So Many Ways to Self-Medicate – It Just Brings More Suffering
Very often poor child-parent (child-caretaker) object relations, attachment with care takers, and attunement by care takers negatively impact young children early in their lives. The well-documented scientific fact that environmental conditions play a more important role in gene-expression than pure genetics implies clearly that the quality of early life experiences activate long-term consequences in the lives of humans. Let’s take an informal look at the various forms of self-medication (short-term habitual behaviors to add brief experiences of fleeting joy or to escape personal suffering) used commonly in American society.
What is wrong with America? We lead the world in consumption of mind-altering substances – is the emptiness in our souls too, too large and deep? Our compulsive substance use reflects a hungry ghost perspective. Addictions of all kinds cannot be an effective substitute for LOVE!
Here is a limited list.
- Substance use for various reasons – Users hope for periods of brief joy as positive reinforcement and/or escape from and avoidance of suffering as negative reinforcement.
- Substance use for various mental health sufferings – Users learn that certain substances have a brief impact on their suffering in depression, anxiety, trauma, fear, social phobia, and emotion dysregulation.
- Workaholism – We learn early that good work habits imply better success, but we overwork to escape things and/or to build internal security or compensate for insecurity.
- Out-of-control consumerism – We love to buy, buy, buy even when we cannot pay, pay, pay. Do we need or just want?
- Compulsive eating – Self-medicating often leads to obesity, then sometimes to diabetes, and other types eating disorders. Emotional eating is a very common problem in America. Supersize me! And that is exactly what happens.
- Social dependency – We appear to have an extreme fear of being alone. It may be that empty soul again.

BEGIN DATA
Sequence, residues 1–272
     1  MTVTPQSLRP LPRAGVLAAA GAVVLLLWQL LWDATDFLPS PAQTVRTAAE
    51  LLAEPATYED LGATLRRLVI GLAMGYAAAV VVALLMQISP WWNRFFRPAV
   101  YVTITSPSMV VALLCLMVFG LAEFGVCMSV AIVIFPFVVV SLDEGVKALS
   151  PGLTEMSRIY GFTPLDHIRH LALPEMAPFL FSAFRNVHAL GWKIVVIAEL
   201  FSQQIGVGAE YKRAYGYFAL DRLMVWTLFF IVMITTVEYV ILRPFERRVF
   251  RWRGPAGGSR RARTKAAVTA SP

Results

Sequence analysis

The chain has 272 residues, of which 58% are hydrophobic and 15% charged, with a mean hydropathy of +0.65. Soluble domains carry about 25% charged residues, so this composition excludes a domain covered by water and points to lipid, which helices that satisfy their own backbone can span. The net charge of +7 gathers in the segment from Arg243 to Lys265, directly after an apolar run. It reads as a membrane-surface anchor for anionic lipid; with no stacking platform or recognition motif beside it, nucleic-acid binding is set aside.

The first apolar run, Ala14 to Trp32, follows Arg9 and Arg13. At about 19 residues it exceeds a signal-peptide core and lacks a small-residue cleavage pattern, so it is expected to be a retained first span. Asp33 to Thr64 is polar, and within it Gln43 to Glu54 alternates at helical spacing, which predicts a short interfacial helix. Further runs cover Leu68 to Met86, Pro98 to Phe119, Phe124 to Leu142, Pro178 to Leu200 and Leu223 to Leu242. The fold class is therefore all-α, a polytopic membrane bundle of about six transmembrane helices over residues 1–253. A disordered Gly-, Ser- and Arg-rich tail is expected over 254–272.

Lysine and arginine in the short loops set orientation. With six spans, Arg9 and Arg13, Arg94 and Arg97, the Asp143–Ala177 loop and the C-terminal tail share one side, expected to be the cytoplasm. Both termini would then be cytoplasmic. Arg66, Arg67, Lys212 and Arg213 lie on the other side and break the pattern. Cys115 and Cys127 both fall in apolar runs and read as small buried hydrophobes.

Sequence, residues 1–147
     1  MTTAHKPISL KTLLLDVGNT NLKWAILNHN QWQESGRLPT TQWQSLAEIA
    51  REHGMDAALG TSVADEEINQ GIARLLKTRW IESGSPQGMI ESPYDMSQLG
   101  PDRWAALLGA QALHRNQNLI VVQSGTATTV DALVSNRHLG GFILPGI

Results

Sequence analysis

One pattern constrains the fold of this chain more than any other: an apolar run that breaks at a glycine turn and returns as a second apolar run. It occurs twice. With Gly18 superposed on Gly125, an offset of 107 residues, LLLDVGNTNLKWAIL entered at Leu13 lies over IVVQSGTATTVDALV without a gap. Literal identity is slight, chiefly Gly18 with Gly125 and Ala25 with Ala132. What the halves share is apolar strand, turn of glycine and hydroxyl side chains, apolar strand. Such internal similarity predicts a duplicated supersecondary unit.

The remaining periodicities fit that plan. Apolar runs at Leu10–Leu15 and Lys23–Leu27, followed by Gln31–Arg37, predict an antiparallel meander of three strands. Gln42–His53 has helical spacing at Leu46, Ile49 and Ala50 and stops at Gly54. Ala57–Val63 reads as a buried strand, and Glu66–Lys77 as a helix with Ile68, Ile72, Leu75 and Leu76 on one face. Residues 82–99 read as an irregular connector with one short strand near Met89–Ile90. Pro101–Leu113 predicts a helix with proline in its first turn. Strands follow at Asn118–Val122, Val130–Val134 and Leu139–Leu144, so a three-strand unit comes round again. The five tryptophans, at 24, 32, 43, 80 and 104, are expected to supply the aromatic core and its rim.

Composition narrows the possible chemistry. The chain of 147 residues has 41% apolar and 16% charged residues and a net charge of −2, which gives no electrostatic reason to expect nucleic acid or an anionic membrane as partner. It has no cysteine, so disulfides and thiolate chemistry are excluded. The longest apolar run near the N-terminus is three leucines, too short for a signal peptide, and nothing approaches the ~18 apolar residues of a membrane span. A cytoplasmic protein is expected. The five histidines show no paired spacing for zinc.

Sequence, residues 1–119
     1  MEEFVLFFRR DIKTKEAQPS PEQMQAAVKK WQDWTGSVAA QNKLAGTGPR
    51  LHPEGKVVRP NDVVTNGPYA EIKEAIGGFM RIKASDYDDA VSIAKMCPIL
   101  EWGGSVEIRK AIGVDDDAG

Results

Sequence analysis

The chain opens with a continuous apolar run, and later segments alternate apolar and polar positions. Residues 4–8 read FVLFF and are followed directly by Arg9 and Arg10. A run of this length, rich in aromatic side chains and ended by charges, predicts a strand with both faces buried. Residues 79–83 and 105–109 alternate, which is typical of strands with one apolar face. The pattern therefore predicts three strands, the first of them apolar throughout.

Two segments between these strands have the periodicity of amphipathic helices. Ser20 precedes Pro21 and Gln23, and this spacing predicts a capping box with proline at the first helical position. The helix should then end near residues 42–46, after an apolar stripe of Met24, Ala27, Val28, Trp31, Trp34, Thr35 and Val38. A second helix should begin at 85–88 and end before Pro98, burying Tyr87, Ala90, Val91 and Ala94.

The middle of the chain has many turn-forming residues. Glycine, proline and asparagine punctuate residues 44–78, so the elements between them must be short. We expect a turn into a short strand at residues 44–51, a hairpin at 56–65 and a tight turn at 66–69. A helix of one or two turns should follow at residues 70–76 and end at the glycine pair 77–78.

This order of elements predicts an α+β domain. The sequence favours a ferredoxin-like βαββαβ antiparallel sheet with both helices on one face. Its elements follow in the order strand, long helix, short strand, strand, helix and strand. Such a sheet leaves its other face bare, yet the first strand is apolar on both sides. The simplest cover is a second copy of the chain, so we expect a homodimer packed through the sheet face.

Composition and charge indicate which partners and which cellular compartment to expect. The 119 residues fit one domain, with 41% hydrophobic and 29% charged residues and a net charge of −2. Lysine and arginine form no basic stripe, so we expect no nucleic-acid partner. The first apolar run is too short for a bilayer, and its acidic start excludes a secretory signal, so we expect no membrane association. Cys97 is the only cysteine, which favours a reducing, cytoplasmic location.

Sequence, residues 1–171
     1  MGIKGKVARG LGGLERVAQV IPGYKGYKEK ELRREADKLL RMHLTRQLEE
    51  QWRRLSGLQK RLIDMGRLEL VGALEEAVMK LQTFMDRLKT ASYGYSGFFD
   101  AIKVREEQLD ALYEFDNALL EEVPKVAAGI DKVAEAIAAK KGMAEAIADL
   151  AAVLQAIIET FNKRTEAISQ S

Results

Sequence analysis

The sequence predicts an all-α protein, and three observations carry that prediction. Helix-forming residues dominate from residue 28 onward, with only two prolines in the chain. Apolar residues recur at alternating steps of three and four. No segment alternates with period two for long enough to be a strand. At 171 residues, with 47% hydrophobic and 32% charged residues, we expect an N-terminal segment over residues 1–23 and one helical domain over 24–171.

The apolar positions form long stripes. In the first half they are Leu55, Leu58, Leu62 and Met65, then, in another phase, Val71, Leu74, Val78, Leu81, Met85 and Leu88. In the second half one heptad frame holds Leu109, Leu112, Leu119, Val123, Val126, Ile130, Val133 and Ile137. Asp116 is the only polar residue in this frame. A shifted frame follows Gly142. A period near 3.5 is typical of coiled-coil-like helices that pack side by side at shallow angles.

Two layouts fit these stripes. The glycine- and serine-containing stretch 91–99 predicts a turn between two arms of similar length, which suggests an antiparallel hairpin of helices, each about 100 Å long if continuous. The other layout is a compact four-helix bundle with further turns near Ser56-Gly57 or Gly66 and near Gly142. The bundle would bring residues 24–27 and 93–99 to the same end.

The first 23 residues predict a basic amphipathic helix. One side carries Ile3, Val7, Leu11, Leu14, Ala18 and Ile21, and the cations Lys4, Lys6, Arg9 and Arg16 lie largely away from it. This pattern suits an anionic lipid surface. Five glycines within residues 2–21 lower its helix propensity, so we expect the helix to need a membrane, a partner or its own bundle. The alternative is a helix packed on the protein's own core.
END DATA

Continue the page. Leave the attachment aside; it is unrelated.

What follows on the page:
- Extreme perfectionism – Some of us learn this as a way to cover up private insecurities and/or to obtain contingent positive self-esteem and self-concept. It may also be a behavior to obtain social-emotional value and respect from significant others.
- Sex addiction and sexual rages/compulsions – Interesting that our sexist society commonly refers to women here, even with diagnostic formats. What about men?
- Various self-medicating behaviors in mental health areas – Depression, anxiety, trauma, fear, social phobia and others; each one has its own forms of self-medicating the clinical conditions, and these forms go BEYOND substance use alone.
- Excessive aggression – Even harming others may produce some form of reinforcement as a contingent means to control situations, dominate people, and/or escape pain. In non-war environments we lead the world in the number of people killed by gunfire. Where is our emotional regulation?
A very long time ago, the Buddha (in the Brahmajala Sutta) noted that there are many, many things we may become over-attached to. This form of attachment can lead to suffering – suffering due to loss of what we want; suffering due to any change; suffering due to general impermanence in life; and, suffering due to old age and illness.
If you discovered your form of self-medication in the list above, consider obtaining competent professional help to modify your habitual trends. Another option could be to do DAILY practice of mindfulness-based stress reduction skills. Obtain competent professional help to learn these wise-mind skills AND practice them daily. In time (perhaps as little as 8-12 weeks according to neuroscience research), brain plasticity changes may occur; you may then notice your unhelpful self-medication is slowly being replaced with a more helpful and healthy habit. Best of luck on your personal journey to better physical and psychological health.
By Anthony R. Quintiliani, PhD., LADC
From the Eleanor R. Liebman Center for Secular Meditation in Monkton, Vermont
Author of Mindful Happiness
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For more information refer to Mate, G. (2018, 2010). In the Realm of Hungry Ghosts: Close Encounters with Addictions. Berkeley, CA: North Atlantic Books, pp. 223-259.